Father and physician’s pride and joy
From the moment Kara Painton, APN, was born, she seemed destined to be close to her father.
That’s because he delivered her.
Robert Good, DO, admits the situation was unique. As a father, he never anticipated delivering one of his own children. As a family medicine physician then, though, he knew he could handle the delivery.
“When I took my wife to the hospital it was 3 or 4 o’clock in the morning,” he recalled. “Since Kara was our third child, we knew the process and made it to the hospital in time. But in her bed, Brenda suddenly looked up at me and said, ‘She’s coming.’
“I delivered the baby, and, of course, surprised the nursing staff. But by the time the attending physician got there, I pretty well had the cord cut, the baby warmed, and everything was fine.”
Now 34 years later, their memories are wider in scope.
Kara Painton has three of her own children with husband Christopher. And for the last decade, as a nurse practitioner in Mattoon, she’s shared an office with her father.
“This may sound silly, but so much of what I do comes down to one thing. I just hope to make him proud,” she said.
Dr. Good sat back in his chair and said one thing.
“Well, she certainly has done that.”
Finding the right note
When Dr. Good thinks of his daughter, he first remembers an intelligent, caring and somewhat shy kid.
The youngest of three, Painton instinctively took to music in junior high. Not only did she want to play an instrument, she wanted to learn everything about it.
So, father and daughter teamed up on a science project.
“We researched how lung volumes varied between the woodwind, brass and percussion sections of the band,” Dr. Good said. “She found a statistical difference among the groups, but we also found a common interest we could work on together.
“We still do things like that.”
When the skilled trumpet player asked for a Bach Stradivarius, her father cut a deal.
“To pay for that instrument, she had to give me lessons,” Dr. Good said. “I had never played the trumpet before, so when she finished taking professional lessons, she would come back and teach me.
“I wouldn’t say I was good, but I definitely got better – and she was a great teacher.
Dr. Good believes this was one of the first times he began to realize the type of person his daughter was growing into.
Nursing an interest
Painton’s interest in medicine didn’t develop until college. Again, she credited her dad with sparking the thought.
When the two attended orientation at Valparaiso University, she was looking at everything she could related to biology. Dr. Good, meanwhile, found the nursing table and a representative he could strike up a conversation with.
“Kara came by the table to tell me she finished for the day, and the nursing professor told her she should go into nursing,” he said. “She said, ‘Yeah, but I play the trumpet, too, and want to be in the band.’ A young nursing student at the table heard her, and told Kara, ‘Well, I’m in the band, and I’m in nursing.’”
They spoke all the way home about the realities of the healthcare field.
After his daughter earned a bachelor’s degree in biology and a master’s in nursing, Dr. Good blinked and Painton was back at Valparaiso. She received her doctorate in nursing while nine months pregnant with her first child.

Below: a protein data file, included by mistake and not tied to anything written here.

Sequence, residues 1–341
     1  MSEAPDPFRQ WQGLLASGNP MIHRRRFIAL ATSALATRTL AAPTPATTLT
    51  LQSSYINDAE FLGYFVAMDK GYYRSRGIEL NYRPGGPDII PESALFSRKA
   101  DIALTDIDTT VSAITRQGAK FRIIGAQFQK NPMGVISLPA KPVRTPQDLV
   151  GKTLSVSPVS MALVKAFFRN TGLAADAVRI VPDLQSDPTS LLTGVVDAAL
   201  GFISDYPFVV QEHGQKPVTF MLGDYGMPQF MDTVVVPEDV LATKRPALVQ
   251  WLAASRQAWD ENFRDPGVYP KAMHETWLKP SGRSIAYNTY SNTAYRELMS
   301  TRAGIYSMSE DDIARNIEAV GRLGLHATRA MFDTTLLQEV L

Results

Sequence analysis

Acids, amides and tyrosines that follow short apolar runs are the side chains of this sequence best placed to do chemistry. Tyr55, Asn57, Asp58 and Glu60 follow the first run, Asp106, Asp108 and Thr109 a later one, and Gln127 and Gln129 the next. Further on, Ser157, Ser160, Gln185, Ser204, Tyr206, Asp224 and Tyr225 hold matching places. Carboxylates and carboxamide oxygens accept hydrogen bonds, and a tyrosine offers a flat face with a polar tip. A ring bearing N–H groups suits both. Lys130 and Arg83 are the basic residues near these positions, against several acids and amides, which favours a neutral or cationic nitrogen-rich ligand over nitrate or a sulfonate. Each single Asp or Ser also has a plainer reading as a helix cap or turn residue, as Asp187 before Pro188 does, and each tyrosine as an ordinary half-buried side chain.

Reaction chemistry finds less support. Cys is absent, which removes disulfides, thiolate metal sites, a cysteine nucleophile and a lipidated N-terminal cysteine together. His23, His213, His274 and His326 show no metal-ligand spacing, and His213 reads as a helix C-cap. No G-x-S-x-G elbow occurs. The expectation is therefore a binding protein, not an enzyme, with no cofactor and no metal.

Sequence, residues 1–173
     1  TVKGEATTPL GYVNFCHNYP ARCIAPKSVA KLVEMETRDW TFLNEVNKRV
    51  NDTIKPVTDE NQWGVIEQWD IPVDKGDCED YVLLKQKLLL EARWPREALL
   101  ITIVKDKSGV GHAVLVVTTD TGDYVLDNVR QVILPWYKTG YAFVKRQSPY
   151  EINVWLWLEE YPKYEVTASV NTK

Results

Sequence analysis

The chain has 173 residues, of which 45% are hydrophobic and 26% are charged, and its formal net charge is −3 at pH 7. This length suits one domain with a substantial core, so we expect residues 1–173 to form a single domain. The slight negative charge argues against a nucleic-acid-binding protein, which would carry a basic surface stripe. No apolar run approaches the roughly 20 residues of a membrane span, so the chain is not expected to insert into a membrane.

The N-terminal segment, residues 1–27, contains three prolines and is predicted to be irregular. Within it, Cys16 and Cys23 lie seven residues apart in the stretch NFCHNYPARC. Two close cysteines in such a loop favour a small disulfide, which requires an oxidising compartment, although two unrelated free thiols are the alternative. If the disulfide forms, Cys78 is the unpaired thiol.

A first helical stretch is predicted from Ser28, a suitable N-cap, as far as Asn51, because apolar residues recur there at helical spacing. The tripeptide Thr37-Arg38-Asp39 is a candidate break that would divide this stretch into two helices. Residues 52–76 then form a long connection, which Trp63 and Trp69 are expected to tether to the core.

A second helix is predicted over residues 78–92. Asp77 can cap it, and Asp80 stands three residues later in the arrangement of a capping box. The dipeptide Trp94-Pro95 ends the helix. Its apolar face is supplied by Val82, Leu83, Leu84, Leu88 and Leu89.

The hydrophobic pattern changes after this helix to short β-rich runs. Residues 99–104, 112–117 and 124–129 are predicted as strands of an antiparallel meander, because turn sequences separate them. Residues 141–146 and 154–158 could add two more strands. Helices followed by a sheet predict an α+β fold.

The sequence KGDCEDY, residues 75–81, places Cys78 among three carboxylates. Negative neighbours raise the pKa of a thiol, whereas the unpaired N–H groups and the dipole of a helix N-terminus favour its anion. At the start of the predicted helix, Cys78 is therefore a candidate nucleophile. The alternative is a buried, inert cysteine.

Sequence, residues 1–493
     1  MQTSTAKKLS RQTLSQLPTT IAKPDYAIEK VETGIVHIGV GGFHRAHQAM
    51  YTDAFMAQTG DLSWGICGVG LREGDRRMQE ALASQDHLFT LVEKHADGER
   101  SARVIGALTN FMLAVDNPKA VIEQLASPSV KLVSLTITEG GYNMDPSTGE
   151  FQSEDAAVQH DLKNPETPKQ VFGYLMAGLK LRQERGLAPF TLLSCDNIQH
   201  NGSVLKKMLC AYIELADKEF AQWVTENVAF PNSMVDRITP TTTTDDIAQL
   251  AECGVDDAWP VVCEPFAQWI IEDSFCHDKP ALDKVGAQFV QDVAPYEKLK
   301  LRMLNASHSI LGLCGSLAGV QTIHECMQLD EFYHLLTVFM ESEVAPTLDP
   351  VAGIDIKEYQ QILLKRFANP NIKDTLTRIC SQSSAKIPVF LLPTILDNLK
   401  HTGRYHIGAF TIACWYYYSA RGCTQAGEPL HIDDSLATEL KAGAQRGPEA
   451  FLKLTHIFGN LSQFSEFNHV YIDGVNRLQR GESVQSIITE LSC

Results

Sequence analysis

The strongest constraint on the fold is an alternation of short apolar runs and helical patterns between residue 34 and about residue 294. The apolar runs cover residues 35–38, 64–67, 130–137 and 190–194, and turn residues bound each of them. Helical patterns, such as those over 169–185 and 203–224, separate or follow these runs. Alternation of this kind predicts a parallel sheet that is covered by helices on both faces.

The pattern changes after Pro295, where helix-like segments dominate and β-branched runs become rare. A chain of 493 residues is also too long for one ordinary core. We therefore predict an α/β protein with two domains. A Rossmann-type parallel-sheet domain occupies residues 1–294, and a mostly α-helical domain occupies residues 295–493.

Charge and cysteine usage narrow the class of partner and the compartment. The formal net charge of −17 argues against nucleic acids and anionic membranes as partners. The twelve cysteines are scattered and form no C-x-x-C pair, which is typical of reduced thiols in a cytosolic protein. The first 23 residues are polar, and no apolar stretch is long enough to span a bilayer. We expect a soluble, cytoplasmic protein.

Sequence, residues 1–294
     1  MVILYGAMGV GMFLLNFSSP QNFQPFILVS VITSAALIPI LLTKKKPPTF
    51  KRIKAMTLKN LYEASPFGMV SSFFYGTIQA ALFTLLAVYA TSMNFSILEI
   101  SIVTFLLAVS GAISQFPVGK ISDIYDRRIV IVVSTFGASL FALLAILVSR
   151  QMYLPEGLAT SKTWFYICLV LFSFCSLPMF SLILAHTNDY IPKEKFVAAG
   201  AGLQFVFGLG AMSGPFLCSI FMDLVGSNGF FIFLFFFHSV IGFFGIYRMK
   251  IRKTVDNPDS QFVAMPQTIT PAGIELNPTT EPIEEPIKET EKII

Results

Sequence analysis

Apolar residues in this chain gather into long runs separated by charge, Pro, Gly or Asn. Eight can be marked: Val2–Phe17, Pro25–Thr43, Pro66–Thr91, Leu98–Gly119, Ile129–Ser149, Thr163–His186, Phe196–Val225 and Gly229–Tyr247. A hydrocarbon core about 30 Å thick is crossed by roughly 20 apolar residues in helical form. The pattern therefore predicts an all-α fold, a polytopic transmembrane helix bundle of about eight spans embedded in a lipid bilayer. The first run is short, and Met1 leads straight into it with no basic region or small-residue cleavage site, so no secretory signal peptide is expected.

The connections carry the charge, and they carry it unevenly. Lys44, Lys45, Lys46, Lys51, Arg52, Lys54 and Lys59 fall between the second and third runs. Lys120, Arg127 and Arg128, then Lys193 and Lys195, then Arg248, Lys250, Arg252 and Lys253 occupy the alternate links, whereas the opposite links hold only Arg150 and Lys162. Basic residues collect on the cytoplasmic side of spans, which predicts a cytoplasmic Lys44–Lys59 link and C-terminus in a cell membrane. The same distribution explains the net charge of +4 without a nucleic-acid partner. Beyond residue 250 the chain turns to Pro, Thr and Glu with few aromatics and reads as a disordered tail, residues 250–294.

“I’m a proud father, but she also paved her own way,” Dr. Good said.
Delivering care together
Before she began working on her doctorate, Painton lived briefly with her sister in Chicago – drawn to the high-rise location overlooking Lake Michigan and the possibility of working in the city.
However, she found potential employers asking for experience she didn’t have.
One person was willing to take a chance on her for his office 200 miles south in Mattoon.
“I didn’t know if I wanted to move back this way after getting a taste of Chicago, but I’m so glad now that he suggested this change,” Painton said before tearing up a little. “It has just been such a cool experience to have this connection and this bond after working with my dad for 10 years.
“I couldn’t have asked for anything better, and I wouldn’t have found anything better if I had gone somewhere else.”
She credits her dad with passing down an unequaled knowledge base about their patients.
And he credits her with the attributes that set healthcare providers apart in his mind; the ability to understand limitations and to always make decisions with the patient's best interest at heart.
He also sees a truly dedicated nurse.
“A number of things make me proud of Kara from working with her,” Dr. Good said. “Her clinical expertise, her caring mentality and the relationships she builds with our patients among them.
“Working with her has been amazing.”
New common ground
After 10 years working together, the 11th will be the first apart.
With a more active role in administration, Dr. Good will occupy his Urbana office more. Of course, they will see each other often for family reasons in Mattoon.
“That’s the joke,” Painton said. “After 10 years working alongside each other, we still choose to talk to each other.”
Beyond the professional, Dr. Good takes pride in the way his daughter and her husband care for their children. And he doesn’t hesitate to point to the pictures in his office of his family, which now includes nine grandchildren.
Painton reciprocates when it comes to her mentor’s ability as a father and a physician.
“My father has a good heart,” she said. “More than anything, he means well for everyone he comes in contact with. I think he was meant to be in medicine and he was meant to be a dad.
“He would drop anything to be there for his family or his patients.”